Subcontractor to finance funding needs

money-glitz | Avery Chen 3 Aug 2020

Chi Kan, the second-largest local formwork contractor with a market share of about 11 percent by revenue, has launched the Hong Kong initial public offering to raise up to HK$160 million.

However, some mainland brokers including Futu Securities have stopped accepting retail orders for Chi Kan's public sale. Some mainland netizens are calling for boycott Chi Kan as it says the recent occurrence of Covid-19 "was originated from Wuhan" in its prospectus, sparking patriots' anger. Chi Kan made an announcement on Friday night to clarify the definition and remove the sentence related to Wuhan.

Chi Kan mainly provides formwork services as a subcontractor to public or private construction projects in Hong Kong.

The local formwork services market has expanded at a compound annual growth rate of 10.2 percent from 2014 to 2019, with market size rising to HK$6.26 billion last year, mainly due to the 10 major infrastructure projects as well as the government's determination to stabilize the residential property market by building more public rental housing, says Frost & Sullivan.

However, the expansion is expected to slow due to the gradual completion of the 10 projects. The formwork services market is projected to grow at a CAGR of around only 3.5 percent to HK$7.42 billion in 2024.

The company's five largest customers accounted for over 91 percent of total revenue in the past three years. Hip Hing Group, a subsidiary of NWS Holdings (0659), is Chi Kan's largest customer, which contributed around 60 percent of revenue.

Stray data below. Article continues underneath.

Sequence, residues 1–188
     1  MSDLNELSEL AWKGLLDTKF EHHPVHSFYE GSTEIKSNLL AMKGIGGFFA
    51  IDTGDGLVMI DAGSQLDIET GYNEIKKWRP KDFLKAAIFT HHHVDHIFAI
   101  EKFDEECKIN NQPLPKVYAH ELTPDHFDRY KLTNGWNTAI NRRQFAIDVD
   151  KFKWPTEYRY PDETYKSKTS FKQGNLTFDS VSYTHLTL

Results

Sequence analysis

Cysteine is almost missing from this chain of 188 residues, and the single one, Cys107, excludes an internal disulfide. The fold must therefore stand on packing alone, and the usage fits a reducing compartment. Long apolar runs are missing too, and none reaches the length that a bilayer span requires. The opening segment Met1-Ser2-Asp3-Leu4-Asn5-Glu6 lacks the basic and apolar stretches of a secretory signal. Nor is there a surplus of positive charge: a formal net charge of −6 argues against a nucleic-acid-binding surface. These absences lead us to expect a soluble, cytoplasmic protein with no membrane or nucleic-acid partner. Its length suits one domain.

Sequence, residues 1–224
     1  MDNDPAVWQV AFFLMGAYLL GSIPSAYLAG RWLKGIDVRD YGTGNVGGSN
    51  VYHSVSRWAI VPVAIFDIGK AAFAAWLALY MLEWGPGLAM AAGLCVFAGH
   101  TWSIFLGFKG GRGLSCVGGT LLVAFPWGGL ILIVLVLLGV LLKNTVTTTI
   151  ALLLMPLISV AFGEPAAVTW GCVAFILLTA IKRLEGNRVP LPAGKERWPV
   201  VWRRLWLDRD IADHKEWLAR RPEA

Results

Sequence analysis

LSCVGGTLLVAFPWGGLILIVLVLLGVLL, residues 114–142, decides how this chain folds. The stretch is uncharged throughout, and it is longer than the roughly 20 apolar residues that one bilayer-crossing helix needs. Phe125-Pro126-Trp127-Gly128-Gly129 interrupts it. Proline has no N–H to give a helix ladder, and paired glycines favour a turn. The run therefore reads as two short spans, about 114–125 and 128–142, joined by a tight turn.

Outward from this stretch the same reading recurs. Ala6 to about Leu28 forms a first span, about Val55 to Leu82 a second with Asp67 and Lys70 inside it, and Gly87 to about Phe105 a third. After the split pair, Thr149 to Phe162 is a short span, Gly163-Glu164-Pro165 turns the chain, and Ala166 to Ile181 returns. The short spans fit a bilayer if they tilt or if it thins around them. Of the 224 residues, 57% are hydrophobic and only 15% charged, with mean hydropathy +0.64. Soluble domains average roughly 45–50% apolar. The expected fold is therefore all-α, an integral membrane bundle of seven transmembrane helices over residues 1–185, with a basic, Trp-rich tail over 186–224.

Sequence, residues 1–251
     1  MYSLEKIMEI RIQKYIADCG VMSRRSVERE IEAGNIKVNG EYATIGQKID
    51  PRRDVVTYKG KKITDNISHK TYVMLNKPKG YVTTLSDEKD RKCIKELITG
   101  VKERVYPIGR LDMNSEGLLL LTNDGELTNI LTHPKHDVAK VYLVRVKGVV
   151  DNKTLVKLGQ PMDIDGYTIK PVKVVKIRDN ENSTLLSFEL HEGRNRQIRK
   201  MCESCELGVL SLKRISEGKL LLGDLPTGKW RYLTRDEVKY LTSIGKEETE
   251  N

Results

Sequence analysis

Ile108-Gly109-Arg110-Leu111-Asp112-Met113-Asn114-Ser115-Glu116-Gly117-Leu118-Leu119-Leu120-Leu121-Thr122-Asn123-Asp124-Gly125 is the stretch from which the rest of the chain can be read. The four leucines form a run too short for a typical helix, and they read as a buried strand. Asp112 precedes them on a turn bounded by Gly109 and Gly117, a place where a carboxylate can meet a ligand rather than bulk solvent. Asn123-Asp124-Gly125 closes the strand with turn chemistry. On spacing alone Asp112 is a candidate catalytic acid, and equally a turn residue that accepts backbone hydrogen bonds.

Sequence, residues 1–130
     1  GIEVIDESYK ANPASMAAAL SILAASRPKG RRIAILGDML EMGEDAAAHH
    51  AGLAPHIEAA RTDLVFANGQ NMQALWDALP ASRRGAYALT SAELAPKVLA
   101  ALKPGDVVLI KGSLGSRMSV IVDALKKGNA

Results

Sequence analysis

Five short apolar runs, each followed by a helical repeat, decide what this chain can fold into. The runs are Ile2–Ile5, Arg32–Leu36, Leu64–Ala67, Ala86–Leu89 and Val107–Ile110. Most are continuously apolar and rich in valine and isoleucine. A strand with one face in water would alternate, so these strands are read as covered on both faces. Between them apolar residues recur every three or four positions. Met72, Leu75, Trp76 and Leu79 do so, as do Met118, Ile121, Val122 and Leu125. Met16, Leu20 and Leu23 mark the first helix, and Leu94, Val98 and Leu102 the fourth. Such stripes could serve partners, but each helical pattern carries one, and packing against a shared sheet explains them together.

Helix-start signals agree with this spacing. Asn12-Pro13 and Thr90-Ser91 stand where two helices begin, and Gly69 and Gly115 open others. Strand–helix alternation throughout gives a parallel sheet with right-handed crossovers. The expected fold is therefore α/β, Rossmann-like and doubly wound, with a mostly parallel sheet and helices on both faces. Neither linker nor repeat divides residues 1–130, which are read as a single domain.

Hip Hing has 22 projects with a contract value ranging from around HK$14.8 million to HK$305.9 million with the contractor. Among them, Chi Kan completed 15 projects, and the remaining seven projects have an contract value of about HK$1.37 billion.

As Chi Kan generated a significant portion of revenue from the top five customers, particularly Hip Hing, any decrease or failure to maintain a business relationship will bring material adverse effect to its operations and financial performance, it warns in the prospectus.

Chi Kan's revenue slumped by 48.2 percent to HK$525.2 million for the year ended March 2019, mainly dragged down by revenue decline in projects with Hip Hing, Paul Y. Group and other developers, as well as delays in some large projects with Hip Hing.

Its revenue grew by about 30.6 percent to HK$685.9 million for the year ended March this year, as the delayed project with Hip Hing was completed and revenue derived from the public sector increased.

Chi Kan's net profit also dropped by 32.6 percent to HK$41.6 million for the financial year 2019, and further slid by 4.7 percent to HK$39.6 million for the FY2020, affected by listing expenses. Meanwhile, Chi Kan warns that there is material uncertainty relating to South Shore (0577), the parent of the company's major client, Paul Y. Group, which accounted for 19.6 percent of revenue for the year ended March.

South Shore has incurred net losses for seven years, with a loss of HK$1.02 billion for the year ended March as the coronavirus takes a toll on its already-embattled hotel business in Macau. Its net liabilities reached HK$1.6 billion last financial year and failed to repay a bank debt of around HK$470 million in April.

Chi Kan says it has four ongoing projects with Paul Y. Group with the outstanding revenue to be recognized of around HK$82.8 million as of end-May.

Chi Kan says it will continue to provide formwork services to Paul Y. Group. But in the worst-case scenario, if all of its business relationship with Paul Y. Group is halted due to defaults of South Shore, the company believes it could capture new revenue sources from newly-acquainted customers.

Chi Kan plans to use 85 percent of the net proceeds from the IPO to finance the upfront funding needs for its projects and 5 percent to expand the workforce. The remaining 10 percent will be for general working capital.



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